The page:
Aces on Bridge — Daily Columns

The Aces on Bridge: Thursday, December 14th, 2017

I don’t have pet peeves like some people. I have whole kennels of irritation.

Whoopi Goldberg

E North
Both ♠ A K Q 3
 Q 3
 Q 4
♣ A K J 10 8
West East
♠ 10 4
 7 4
 A K J 10 9 8 5
♣ 9 3
♠ J 9 8 7 6
 K J 9
♣ 7 6 5 2
♠ 5 2
 A 10 8 6 5 2
 7 6 3
♣ Q 4
South West North East
Pass 3 Dbl. Pass
3 Pass 4 ♣ Pass
4 All pass    


In this deal from my local club game, North was contemplating opening two clubs when he was irritated to hear West (playing with one of the less simpatico members of the club) open three diamonds in front of him.

That didn’t leave him much else to do but double and hope that partner did not insist on playing hearts. The worst happened when South bid and rebid hearts, and North had no option but to pass and pray.

West led out his two top diamonds and continued with the suit at trick three. Prospects were not good for declarer at this point, but ruffing low or discarding looked hopeless, so he ruffed the third heart with dummy’s queen and was over-ruffed with the king.

Suddenly South sensed light at the end of the tunnel. He won the club return in dummy and finessed the heart 10 successfully. When the remaining trumps fell under the ace, he was safely home.

North would not normally have done more than congratulate his partner, but given his opponents, he saw the opportunity to insert the needle, by remarking how unusual it was to have 28 HCP and no game makeable. When East remarked acerbically that South had made game, North smiled and said that just because game had made did not mean it should have. Do you see why?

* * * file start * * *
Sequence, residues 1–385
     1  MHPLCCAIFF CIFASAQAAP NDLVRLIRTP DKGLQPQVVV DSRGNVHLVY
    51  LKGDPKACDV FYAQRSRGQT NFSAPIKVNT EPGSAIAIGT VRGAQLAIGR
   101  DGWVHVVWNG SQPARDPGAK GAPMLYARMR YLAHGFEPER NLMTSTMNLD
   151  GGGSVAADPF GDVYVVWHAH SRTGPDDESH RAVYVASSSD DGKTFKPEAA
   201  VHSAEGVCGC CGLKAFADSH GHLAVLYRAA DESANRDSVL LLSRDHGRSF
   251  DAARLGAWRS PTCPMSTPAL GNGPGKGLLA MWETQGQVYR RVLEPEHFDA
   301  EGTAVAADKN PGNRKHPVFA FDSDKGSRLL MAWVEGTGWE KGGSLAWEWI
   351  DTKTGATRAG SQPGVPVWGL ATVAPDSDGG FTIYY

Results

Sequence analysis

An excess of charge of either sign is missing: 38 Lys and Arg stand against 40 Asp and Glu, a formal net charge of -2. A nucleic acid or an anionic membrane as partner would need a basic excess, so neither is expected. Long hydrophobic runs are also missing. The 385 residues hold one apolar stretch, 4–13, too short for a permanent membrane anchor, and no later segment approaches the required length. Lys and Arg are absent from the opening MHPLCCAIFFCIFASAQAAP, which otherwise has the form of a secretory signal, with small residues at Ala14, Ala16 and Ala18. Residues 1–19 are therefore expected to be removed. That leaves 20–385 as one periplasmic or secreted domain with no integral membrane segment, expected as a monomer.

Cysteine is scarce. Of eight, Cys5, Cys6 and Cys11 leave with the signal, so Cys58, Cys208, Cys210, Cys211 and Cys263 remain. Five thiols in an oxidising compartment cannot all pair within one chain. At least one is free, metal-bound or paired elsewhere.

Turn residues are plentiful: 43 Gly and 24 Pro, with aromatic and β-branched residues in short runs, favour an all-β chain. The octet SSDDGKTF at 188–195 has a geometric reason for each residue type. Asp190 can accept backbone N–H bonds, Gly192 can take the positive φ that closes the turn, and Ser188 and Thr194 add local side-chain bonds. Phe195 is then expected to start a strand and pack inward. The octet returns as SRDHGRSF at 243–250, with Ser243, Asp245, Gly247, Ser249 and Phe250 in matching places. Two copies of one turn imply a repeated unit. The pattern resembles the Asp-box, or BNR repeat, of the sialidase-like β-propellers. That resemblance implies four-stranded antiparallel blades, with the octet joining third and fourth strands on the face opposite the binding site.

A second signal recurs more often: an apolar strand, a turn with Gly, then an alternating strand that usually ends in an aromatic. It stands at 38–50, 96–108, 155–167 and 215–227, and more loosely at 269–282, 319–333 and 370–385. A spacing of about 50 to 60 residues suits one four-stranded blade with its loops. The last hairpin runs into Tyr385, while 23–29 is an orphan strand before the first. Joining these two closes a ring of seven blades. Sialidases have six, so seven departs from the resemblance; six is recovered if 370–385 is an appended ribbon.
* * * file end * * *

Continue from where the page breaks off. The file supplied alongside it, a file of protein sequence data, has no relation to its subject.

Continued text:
If East discards on the heart queen and splits his honors on the first round of trumps, he ensures two trump tricks for his side and defeats the contract.

Brace yourself: This hand is an absolute minimum for a two-spade call, but you should still make that bid. Your ruffing value and honor in spades mean that you are offering partner something that will surely be useful while denying the opponents some space. So gird your loins and enter the fray!


♠ K 9 4
 7 6 5 2
♣ 9 8 7 6 3
South West North East
  Pass 1 ♠ Dbl.

For details of Bobby Wolff’s autobiography, The Lone Wolff, contact If you would like to contact Bobby Wolff, please leave a comment at this blog.
Reproduced with permission of United Feature Syndicate, Inc., Copyright 2017. If you are interested in reprinting The Aces on Bridge column, contact